There are many effective treatments for anxiety disorders including CBT, breathing control techniques, relaxation therapy, herbal treatments and exercise.
- Cognitive behavior therapy (CBT)
- Breathing control techniques
- Relaxation therapy
- Caffeine reduction
- Complementary therapies
Education and information about anxiety disorders are very important first steps in the treatment process. If people understand anxiety is an exaggeration of a normal response as well as why they experience particular symptoms (ie. tingling fingers occur because the body has moved blood to major muscle groups) this assists in breaking down some of the fear associated with having an anxiety disorder.
There are a number of treatment options available for anxiety disorders, including cognitive behavior therapy, breathing control techniques, relaxation therapy, exercise, caffeine reduction, complementary therapies and medications.
CBT is based on the notion that people develop negative, self defeating patterns of thought which results in emotional distress (such as anxiety or depression) and maladaptive or unhealthy learned behavior. These thought and behavior patterns can be unlearned. CBT is conducted by a therapist (counselor, psychologist, psychiatrist) and usually consists of a series of sessions taking place over a number of weeks. Studies have found that CBT is at least as effective as medication in treating anxiety disorders and has the advantage of costing less over time and producing longer lasting benefits. There is, however, no clear evidence that combining medications with CBT enhances the treatment for anxiety disorders (13). The therapy typically produces benefits after a few weeks, depending on the frequency of visits to the therapist and the frequency of home practice. A disadvantage of CBT is that it requires a certain level of commitment, in both time and energy/motivation from a person. Also, it is not available in all areas of Australia.
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CBT for anxiety disorders involves teaching people to examine the thought patterns that produce their anxiety (14). Underlying most types of anxiety is the tendency to overestimate both the likelihood of a feared consequence and how bad it would really be if the feared consequence actually eventuated. People are encouraged to practice realistic thinking in order to evaluate the real level of threat or risk which is anxiety-causing. They learn to use evidence to challenge unhelpful or unrealistic thoughts and fears. For instance, if a person with panic disorder feels they are going to die when having a panic attack they are asked to explore the chances of this actually occurring. Did they die last time they had a panic attack? The results of any medical investigations of their anxiety symptoms can be used here as evidence (ie. have any tests shown you have heart disease or other physical conditions?).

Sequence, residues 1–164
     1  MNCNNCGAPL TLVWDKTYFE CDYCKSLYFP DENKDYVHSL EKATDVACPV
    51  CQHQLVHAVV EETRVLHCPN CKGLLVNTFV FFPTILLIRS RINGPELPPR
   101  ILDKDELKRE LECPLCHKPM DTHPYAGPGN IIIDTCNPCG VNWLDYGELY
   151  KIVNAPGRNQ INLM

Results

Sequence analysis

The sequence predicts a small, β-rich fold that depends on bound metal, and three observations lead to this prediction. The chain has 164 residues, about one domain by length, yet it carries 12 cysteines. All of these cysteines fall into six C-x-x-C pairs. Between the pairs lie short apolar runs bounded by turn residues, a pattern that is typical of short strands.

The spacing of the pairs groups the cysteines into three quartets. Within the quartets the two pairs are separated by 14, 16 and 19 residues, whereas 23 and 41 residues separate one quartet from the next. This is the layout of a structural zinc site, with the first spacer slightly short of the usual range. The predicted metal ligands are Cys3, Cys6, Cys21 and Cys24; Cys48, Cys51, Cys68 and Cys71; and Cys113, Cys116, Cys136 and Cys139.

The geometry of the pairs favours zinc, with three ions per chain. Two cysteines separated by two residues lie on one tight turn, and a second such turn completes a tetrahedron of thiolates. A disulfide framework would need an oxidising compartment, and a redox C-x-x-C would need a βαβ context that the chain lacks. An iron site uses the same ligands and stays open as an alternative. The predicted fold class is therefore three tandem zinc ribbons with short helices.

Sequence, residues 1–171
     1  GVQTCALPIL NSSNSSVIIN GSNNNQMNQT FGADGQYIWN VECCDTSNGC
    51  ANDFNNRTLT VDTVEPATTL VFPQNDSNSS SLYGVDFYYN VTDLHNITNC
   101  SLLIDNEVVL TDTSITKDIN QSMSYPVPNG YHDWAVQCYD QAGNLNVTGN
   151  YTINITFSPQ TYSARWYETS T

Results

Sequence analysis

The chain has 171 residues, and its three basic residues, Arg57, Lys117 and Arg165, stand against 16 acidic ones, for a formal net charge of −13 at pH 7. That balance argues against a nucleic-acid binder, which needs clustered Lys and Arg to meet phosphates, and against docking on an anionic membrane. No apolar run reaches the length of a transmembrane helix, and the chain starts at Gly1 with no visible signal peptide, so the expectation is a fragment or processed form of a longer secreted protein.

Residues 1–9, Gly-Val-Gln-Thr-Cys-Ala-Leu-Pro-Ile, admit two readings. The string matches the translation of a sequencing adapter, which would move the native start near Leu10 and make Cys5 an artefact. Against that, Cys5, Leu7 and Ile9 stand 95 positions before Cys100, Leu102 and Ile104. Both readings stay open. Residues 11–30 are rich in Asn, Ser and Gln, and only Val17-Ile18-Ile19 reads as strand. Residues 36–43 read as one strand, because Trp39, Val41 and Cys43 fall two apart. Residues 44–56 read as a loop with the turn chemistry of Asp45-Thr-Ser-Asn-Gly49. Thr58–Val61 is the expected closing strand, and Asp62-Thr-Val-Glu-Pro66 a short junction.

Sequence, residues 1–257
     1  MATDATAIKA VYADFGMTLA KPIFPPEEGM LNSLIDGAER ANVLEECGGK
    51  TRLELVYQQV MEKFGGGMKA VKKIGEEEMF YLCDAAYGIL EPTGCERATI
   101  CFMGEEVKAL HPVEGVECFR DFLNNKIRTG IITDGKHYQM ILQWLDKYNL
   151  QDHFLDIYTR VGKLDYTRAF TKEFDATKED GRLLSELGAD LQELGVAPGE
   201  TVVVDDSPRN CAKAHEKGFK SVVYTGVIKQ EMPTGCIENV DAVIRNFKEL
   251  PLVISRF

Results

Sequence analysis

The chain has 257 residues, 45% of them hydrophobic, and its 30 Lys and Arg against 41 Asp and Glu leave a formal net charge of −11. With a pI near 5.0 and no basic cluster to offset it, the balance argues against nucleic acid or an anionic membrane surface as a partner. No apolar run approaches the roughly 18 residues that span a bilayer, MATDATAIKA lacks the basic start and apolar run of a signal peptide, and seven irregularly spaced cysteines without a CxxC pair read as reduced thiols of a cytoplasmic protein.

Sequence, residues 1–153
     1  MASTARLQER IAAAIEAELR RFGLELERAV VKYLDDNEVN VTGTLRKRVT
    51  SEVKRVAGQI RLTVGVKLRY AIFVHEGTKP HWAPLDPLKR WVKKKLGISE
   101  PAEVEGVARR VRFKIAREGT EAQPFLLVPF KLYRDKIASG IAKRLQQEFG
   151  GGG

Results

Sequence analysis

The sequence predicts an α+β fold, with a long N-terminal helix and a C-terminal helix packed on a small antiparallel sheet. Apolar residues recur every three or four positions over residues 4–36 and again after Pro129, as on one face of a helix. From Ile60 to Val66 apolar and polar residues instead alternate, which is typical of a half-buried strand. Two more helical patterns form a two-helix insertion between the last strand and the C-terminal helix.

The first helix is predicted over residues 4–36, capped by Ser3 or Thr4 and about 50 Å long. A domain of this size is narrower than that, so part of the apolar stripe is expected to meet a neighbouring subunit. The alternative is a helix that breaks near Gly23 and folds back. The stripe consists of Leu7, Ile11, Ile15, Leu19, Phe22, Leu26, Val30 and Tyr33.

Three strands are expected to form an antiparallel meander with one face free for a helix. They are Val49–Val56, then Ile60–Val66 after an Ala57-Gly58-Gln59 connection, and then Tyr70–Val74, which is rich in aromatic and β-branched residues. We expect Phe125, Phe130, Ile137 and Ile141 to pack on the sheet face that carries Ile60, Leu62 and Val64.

Other techniques used in CBT include controlled breathing techniques and graded exposure. Graded exposure involves getting people to gradually confront situations which produce anxiety symptoms. For it to be successful, people have to remain in the situation until their anxiety has subsided and they must confront the feared situation repeatedly and frequently. People with OCD are provided with techniques to help them resist performing compulsive behaviors.
Many people hyperventilate when anxious, and this can add to feelings of anxiety and symptoms of dizziness and tingling. A controlled rate of breathing, aiming for a rate of 8-12 breaths per minute breathing in a smooth, light way is very effective at reducing symptoms of panic and acute anxiety. Smooth, light breathing is preferred to deep breathing which can accentuate feelings of anxiety and light-headedness. Breathing control techniques should be practiced several times a day when not particularly anxious in order to make it habitual. This makes it more likely that an individual will be able to implement the technique even when highly anxious and perhaps not thinking clearly.
Relaxation therapy involves several techniques designed to help people achieve a relaxed state such as breathing techniques, progressive muscle relaxation and meditation. Progressive muscle relaxation involves tensing and then relaxing the muscles in the body, one major muscle group at a time. Over time, relaxation results in a measurable reduction in the basic level of anxiety or tension which an individual experiences.
- Created: 24 October 2008
- Last Updated: 16 July 2014